Just in case you’re not aware, some CD re-issues of early Maori music are currently available. These include the complete Ana Hato and Deane Waretini 78s (along with additional tracks):

    http://www.kiwipacific.com/index.php?cPath=27&osCsid=ed6c959b2a6bb57033cebc4822c132dc

    See also the reissue of The Tahiwis 78s (22 sides) recorded in 1930; most of these tracks included Australian session musicians and are quite a fascinating mixture:

    http://www.atoll.co.nz/historical.html

    The Atoll label has also released more historical Maori music sourced from radio and private recordings.

    Cheers

  3. I’m not sure if you know about Alfred J. Knocks – he recorded Maori and Rarotongan music in New Zealand around 1909.
    Percy Grainger, who was was one of the first collectors of folk song to use a phonograph in the field, tracked Knocks down and copied those recordings. They are now in the Grainger Museum collection, along with copies Grainger had made by the Library of Congress.
    The National Film and Sound Archive has since transferred the recordings to a digital format.
    The collection also holds correspondence between Grainger and Knocks about the recordings.
    If anyone reading your blog is in Melbourne they should visit the museum where they’ll see Grainger’s folk song collecting phonograph, wax cylinders, his notebook containing lyrics, hand drawn maps, photographs and more.
    I enjoy your site, it’s always interesting.
    Monica

  4. Thank you, Monica!

    I knew a bit about Grainger’s activities as a collector, but I did not know of the connection with Alfred Knocks. (I probably should have said that there was very little “commercially recorded” traditional music from AU and NZ issued during the 78 rpm era – there certainly were field recordings made.)

    1. Grainger had a great deal of respect for fellow collectors, from professionals to amateurs, and he was very fond of Knocks. He was first introduced to Maori music by an artist, A. E. Aldis, when he was very young, and it was a profound experience.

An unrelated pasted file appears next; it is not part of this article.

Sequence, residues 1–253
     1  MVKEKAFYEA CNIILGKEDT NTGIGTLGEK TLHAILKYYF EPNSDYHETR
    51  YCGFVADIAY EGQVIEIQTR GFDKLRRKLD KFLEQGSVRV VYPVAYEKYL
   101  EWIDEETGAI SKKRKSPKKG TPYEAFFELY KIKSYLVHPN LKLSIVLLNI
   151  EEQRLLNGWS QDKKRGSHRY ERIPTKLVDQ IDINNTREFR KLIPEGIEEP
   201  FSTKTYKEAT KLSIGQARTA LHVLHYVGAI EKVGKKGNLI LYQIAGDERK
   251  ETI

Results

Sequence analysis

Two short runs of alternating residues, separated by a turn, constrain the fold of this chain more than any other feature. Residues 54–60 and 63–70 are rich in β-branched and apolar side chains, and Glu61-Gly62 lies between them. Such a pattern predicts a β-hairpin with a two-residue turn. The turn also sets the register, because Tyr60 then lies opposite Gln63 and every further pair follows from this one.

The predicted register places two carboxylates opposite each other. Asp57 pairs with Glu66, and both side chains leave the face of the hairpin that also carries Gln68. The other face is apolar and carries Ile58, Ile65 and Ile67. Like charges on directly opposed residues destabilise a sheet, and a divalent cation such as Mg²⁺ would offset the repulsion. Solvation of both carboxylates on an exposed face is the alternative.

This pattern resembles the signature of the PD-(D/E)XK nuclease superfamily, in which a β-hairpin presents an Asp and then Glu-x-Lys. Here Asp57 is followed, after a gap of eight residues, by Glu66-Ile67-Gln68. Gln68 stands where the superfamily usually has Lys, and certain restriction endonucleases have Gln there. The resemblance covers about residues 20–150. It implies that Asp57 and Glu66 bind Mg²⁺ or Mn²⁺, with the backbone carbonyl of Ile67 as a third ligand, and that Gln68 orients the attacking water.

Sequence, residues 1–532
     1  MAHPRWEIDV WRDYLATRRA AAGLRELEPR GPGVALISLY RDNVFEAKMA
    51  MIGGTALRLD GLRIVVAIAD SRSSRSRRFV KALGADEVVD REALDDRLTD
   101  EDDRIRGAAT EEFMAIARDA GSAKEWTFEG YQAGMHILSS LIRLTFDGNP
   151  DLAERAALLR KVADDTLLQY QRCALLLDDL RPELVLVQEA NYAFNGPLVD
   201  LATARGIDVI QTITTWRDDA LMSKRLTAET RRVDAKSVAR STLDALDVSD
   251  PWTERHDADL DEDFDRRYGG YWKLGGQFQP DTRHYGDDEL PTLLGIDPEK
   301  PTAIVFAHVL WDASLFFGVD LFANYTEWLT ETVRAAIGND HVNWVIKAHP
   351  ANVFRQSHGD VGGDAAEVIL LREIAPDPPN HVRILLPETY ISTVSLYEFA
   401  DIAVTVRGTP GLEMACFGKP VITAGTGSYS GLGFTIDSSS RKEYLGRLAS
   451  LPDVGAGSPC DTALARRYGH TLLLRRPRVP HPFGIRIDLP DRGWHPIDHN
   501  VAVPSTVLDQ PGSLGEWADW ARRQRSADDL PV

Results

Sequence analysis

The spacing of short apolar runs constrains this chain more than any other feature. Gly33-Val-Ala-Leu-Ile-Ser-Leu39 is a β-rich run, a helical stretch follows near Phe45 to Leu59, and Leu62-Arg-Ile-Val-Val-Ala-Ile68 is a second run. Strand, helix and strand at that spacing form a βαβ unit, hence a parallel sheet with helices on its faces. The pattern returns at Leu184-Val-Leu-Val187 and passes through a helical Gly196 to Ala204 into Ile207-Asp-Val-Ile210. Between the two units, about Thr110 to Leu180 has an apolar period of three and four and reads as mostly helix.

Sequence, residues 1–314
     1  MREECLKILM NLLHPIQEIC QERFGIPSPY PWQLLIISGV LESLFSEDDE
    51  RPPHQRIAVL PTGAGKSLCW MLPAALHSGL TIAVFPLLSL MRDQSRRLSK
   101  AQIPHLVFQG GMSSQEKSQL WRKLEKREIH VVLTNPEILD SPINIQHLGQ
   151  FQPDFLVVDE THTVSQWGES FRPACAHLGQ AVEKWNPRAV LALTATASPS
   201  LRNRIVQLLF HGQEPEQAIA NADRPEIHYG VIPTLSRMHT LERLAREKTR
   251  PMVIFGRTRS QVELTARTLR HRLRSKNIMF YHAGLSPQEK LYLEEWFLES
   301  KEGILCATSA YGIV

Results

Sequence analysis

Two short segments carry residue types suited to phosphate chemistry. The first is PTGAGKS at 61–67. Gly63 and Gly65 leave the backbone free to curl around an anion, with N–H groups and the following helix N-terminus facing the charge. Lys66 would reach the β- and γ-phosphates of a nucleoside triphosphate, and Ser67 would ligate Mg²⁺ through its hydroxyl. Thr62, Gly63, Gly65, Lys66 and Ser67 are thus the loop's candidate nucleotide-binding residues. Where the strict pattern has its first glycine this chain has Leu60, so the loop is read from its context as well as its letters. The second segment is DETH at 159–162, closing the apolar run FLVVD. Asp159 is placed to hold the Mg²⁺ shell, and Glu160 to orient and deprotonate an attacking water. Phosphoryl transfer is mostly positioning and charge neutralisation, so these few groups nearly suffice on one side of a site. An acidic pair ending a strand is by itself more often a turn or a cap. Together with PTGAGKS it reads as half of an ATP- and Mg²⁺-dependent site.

I should let Grainger himself describe it..”when I was about 7 the English painter A. E. Aldis boarded with us at Killala, Oxley Road, Glenferrie…Mr Aldis was a most lovely friend and artist through and through and no doubt it was his delightful drawings of men, beasts & birds that led me to make endless drawings of our Killala poultry. But it was his reciting of Maori chants that constituted his greatest influence on me – & a life-long one. He would keep the marrow-curdling Maori rhythms hammering away by the hour or so it seemed to me so that when I heard the Maori speech at Rotorua in 1909 it was like a home-coming for me. I have always adored heroic-sounding languages, and of these Maori, Icelandic & Faeroe (between the Shetlands and Iceland) are my favourites. And when I came to set the Faeroe Island Father & Daughter (for 5 single mens voices, double mixed chorus and orchestra) in 1908-1909 it was the heroic sonorities of Mr A. E. Aldis’s Maori recitations that I was trying to re-enact. And since my success as a composer largely hinged on Father & Daughter (at the Balfour Gardiner concerts of 1913) it may be said that my compositional career owes more to our sweet friend A. E. Aldis than to anyone else. Percy Aldridge Grainger, April 24, 1956″

    1. No problem, I work at the museum and it’s a real privilege to have access to the folk song collecting material in the collection. I’m always happy to share information with anyone interested.

  5. Hello! My name is Anneli Drecker. I am a singer/composer/recording artist from Norway. I have beed an artist since the mid 80-s, recording several albums.
    I have a new cd project going on and I would like to involve a maori choir singing on one or two of my tracks. The project is poems about the sea with music composed and performed by me. I will be in Auckland on the19th and the 20th of january 2012 and was wondering if you could perhaps help me getting in contact with a choir over there?
    Your help will be highly appreciated.
    THanks;
    Anneli x

  6. Hello
    Thank you so much for this lovely song. It is really beautiful. I stumbled across it whilst searching for an earlyish version of Po Ata Rau.

    If anyone can point me in the right direction to find an adult choir version of Po Ata Rau I would be so pleased. It was my mother in law’s favourite and the family hoped to play it at her funeral on Tuesday 9th April – so not much time. If anyone can help I would be so so grateful.

    Thanks again for this so lovely song.

    Paula Wisdom